7-11 July 2014
Leonardo Grilli is Associate Professor of Statistics at the University of Florence. He graduated in Economics in 1996 and earned a Ph.D. in Applied Statistics in 2000. The teaching activity focuses on introductory statistics and statistical modelling, including generalized linear models and multilevel models. The research activity follows two main pathways: a) random effects models for multilevel analysis, with methodological advances concerning the specification and estimation of models in complex frameworks such as duration data, multivariate qualitative responses, informative sampling designs, and sample selection bias; b) methods of causal inference and effectiveness evaluation based on potential outcomes, with methodological contributions in the principal stratification framework. The methodological work is accompanied by applications in different fields, such as education, economics, demography, and medicine.
Date: July 9 from 16:30h-18:30h. July 10-11 from 11:15-13:15 and 16:30-18:30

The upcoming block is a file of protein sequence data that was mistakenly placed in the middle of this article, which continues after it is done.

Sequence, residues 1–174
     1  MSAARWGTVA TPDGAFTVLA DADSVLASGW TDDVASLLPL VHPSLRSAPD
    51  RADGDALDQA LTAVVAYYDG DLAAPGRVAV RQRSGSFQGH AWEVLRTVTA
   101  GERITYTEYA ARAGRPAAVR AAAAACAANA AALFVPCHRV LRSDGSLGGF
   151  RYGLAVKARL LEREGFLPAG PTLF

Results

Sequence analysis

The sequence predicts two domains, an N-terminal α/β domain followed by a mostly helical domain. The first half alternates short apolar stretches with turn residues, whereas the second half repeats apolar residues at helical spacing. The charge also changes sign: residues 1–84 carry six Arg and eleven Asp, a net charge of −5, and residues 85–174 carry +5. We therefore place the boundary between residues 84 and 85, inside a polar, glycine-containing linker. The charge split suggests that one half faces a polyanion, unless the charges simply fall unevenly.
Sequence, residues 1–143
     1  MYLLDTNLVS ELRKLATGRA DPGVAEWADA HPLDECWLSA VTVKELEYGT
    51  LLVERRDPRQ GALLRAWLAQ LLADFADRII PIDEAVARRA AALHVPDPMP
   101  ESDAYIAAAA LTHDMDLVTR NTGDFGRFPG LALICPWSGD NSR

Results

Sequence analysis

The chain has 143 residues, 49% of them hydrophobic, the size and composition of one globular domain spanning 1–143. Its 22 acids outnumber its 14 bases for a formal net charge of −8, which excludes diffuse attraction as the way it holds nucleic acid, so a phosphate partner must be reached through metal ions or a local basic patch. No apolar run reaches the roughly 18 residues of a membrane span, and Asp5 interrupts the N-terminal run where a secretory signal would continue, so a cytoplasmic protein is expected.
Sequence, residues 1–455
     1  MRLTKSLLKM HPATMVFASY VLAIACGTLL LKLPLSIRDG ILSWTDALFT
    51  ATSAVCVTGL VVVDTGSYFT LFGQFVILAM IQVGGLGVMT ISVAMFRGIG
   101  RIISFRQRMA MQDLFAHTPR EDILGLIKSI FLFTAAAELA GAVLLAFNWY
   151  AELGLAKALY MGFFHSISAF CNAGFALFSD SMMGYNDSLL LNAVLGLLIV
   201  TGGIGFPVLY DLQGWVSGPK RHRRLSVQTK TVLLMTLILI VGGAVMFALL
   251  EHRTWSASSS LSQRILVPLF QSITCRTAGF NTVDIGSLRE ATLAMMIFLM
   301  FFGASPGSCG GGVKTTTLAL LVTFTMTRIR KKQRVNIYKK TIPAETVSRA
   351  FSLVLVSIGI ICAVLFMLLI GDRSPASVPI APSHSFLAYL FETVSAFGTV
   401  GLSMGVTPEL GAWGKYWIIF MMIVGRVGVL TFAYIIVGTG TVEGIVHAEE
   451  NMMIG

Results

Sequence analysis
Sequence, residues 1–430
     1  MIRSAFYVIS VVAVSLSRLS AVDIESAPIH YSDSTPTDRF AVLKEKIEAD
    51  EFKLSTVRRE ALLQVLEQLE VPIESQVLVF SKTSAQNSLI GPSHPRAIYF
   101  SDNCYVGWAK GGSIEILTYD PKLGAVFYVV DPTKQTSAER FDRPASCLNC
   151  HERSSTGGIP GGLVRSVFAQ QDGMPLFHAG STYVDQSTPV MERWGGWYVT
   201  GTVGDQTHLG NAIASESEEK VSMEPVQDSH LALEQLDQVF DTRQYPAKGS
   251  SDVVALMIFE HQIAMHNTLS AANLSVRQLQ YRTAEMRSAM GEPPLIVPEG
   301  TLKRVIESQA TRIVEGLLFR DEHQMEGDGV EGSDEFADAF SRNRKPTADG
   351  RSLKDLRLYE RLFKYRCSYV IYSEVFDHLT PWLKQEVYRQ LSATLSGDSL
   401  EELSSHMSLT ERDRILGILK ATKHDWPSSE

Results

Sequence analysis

The course introduces the concepts of multilevel analysis, whose main aim is to model the relationships between and within groups. Typical situations include individuals clustered into families, schools, firms, geographical areas. The course focuses on the two-level linear model as a template to illustrate issues of specification, estimation and inference. The main ideas are illustrated by means of a couple of case studies. The second part of the course is devoted to special topics, such as the design effect and the required sample size, and to extensions, such as the logistic multilevel model for binary responses.
Exercises: each lesson includes guided exercises using Stata.
Prerequisites: basic knowledge of statistical inference and linear and logistic regression.